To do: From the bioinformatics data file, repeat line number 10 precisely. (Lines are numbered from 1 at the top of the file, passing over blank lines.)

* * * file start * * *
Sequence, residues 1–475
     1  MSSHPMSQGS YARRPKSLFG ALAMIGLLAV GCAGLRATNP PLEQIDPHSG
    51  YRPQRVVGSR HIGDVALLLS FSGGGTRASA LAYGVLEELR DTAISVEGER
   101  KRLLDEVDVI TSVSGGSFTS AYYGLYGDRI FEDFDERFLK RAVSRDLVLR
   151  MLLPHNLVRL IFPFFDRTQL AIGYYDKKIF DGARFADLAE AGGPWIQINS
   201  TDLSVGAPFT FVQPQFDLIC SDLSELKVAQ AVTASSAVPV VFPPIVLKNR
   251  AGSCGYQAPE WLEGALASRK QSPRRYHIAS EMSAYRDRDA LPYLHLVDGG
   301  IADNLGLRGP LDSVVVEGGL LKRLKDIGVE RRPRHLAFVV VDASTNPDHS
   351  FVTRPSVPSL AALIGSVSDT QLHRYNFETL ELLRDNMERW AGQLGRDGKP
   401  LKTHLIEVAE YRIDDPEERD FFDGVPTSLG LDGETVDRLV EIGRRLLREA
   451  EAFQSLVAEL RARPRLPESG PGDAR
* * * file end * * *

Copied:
   401  LKTHLIEVAE YRIDDPEERD FFDGVPTSLG LDGETVDRLV EIGRRLLREA